Street photography using your skills to capture vignettes of life to create a portfolio of reportage photography in Black and White is a very rewarding way to work.
You an be anywhere in the world and in nay situation, from a car park in Cheltenham to a news event in China.
I think of street photography as a subcategory of documentary photography and photojournalism. Where documentary photography and photojournalism can be defined as non-fiction visual storytelling employed to chronicle important events in history or document the human condition, street photography is more an art form without constraint.
Street photography could be considered to be a non specific form of photojournalism(not following a story) an eclectic mix of imagery taken as and when events happen and unfold in front of you.
Of course in street photography you can follow a set idea, as in this set of images.
A narrative has bee created around the idea of photographing holidaymakers passing by the window of a cafe.
There is no story as in photojournalism but a comprehensive related set of images can be created and as with documentary photography whether or not the "story" was known before starting taking pictures a set of interrelated images starts to form.
I love the work of Jeff Jacobson.
Jacobson approaches his work by... taking pictures... and his quote about his work always stays with me when I am out on the street.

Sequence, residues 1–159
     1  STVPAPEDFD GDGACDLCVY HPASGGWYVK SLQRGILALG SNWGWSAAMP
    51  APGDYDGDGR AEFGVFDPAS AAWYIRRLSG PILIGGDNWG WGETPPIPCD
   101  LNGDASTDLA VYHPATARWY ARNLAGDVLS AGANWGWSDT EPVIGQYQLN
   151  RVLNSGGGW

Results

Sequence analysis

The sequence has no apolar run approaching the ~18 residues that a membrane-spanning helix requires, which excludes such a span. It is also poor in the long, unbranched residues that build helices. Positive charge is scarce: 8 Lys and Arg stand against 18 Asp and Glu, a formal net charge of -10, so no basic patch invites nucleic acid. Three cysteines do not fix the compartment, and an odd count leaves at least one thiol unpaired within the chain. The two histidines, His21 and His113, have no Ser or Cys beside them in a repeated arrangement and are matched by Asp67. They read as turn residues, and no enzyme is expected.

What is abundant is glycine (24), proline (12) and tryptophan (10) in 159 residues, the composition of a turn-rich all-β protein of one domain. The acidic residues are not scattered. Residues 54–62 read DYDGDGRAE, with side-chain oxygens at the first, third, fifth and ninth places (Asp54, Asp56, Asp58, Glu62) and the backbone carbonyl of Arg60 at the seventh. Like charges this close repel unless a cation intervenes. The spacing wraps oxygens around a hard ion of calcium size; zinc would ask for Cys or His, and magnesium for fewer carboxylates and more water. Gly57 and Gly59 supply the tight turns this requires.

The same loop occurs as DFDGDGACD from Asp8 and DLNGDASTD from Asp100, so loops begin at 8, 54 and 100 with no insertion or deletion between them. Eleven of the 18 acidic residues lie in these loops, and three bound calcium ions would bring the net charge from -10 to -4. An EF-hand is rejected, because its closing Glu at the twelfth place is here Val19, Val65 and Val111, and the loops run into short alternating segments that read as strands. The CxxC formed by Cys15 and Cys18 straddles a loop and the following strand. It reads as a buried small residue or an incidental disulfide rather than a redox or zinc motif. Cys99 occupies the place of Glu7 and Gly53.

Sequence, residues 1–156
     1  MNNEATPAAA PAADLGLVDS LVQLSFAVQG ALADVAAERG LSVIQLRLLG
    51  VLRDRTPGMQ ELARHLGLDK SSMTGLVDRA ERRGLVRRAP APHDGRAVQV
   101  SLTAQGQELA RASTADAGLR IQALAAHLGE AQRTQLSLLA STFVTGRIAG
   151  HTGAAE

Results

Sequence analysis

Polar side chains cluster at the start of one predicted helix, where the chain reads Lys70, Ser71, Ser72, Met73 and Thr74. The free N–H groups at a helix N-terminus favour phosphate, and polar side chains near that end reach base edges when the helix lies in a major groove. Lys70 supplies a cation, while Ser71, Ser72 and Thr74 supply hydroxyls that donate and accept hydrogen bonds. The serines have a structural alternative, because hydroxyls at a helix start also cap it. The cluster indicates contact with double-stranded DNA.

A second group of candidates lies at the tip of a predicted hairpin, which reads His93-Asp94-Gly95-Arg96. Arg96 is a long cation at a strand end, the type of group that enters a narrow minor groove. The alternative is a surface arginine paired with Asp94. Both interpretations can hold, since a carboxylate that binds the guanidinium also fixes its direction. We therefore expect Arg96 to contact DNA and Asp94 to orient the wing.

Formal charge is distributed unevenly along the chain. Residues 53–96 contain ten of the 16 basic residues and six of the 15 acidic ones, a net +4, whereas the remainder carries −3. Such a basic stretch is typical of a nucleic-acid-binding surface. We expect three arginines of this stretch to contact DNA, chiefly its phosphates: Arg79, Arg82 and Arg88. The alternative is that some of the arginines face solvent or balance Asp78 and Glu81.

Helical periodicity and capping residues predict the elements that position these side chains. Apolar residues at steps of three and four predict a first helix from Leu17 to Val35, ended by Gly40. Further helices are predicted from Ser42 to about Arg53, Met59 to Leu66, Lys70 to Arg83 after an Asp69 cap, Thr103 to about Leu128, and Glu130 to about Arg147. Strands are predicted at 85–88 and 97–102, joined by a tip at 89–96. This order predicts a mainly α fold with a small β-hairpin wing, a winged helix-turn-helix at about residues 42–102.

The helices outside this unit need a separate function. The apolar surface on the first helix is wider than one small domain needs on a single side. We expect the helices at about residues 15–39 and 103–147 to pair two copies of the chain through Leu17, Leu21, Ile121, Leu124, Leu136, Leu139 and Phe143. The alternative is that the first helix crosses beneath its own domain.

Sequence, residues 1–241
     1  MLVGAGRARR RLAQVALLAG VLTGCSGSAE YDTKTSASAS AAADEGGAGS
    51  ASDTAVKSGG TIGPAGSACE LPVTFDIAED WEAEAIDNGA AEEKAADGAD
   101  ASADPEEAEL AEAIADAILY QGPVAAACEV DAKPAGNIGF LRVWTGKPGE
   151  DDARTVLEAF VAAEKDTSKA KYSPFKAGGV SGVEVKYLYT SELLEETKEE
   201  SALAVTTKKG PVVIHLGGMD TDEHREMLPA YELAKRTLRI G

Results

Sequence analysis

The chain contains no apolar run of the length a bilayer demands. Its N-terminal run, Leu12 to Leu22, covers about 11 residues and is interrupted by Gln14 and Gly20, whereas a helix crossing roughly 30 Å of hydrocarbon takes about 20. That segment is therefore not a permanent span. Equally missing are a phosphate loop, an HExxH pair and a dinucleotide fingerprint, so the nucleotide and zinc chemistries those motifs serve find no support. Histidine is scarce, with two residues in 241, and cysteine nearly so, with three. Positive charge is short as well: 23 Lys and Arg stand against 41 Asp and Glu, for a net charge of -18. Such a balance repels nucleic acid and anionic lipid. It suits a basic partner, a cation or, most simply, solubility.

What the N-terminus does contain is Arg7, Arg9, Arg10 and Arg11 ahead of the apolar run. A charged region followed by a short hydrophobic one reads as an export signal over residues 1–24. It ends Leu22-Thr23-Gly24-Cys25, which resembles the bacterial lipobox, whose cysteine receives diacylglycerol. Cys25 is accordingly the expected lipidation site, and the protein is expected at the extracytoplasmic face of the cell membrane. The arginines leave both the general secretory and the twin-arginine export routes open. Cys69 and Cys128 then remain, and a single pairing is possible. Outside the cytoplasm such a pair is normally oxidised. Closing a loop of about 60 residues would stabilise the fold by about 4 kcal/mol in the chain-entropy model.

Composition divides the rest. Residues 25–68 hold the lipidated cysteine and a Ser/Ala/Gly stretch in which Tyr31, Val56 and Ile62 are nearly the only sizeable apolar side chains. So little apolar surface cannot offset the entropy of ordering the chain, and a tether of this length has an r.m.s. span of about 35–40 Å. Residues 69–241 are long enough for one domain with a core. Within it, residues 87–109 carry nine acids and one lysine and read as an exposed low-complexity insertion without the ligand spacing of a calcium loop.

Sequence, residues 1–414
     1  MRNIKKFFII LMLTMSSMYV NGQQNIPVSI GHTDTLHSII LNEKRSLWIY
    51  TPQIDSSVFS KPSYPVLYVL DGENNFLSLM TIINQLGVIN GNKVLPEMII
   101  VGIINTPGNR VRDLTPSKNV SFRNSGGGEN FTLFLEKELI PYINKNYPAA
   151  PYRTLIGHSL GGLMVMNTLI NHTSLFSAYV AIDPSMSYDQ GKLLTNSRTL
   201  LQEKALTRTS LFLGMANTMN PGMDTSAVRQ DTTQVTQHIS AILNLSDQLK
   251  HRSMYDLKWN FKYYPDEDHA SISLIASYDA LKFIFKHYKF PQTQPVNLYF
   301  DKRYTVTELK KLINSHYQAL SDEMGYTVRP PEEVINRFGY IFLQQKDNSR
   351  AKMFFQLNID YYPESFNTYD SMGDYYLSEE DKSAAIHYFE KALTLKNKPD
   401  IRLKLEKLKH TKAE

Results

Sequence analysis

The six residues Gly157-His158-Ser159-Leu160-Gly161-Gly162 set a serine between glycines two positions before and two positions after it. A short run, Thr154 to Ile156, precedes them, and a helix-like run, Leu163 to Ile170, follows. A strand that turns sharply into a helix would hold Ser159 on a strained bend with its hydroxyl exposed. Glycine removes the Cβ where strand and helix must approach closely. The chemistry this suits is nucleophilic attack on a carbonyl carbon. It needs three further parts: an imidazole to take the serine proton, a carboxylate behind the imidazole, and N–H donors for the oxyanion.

"I never start off with an idea in mind, I start taking pictures and the pictures tell me what it is. When I'm in it, especially towards the beginning I never spend too much time trying to analyse it because it kills it for me."
So as I have described when you start taking pictures you may have no idea what it is you are doing but the very act of taking pictures can lead you to the meaning in the work.
You will probably find that after a while you start to see that the days or weeks of work hang together. A simple observation of a shopper on the street may lead to a set on consumerism, or a picture of a preacher on a street corner sparks the idea of a set of religious photographs.
Therefore he photographer is the observer, being inspired by the ordinary and seeing the unusual or the opportunities in what others miss in day to day life. it is up to us to see the narrative.
Of course images can stand as single individual shots but it is often good practice to build a portfolio.
The portfolio may need you to re address the idea over a week, a month or even longer or it may just be sitting in a cafe with a coffee for 15 minutes and grabbing small set of images.
What will happen is that you will have 3 or 4 projects on the go at the same time and when out shooting for one project you will probably see or find an image or two that fits with a concurrently running project.
So always be on the look out and be inspired by the ordinary, nothing is worthless, it's just what you do with it that matters.
reportage, editorial, documentary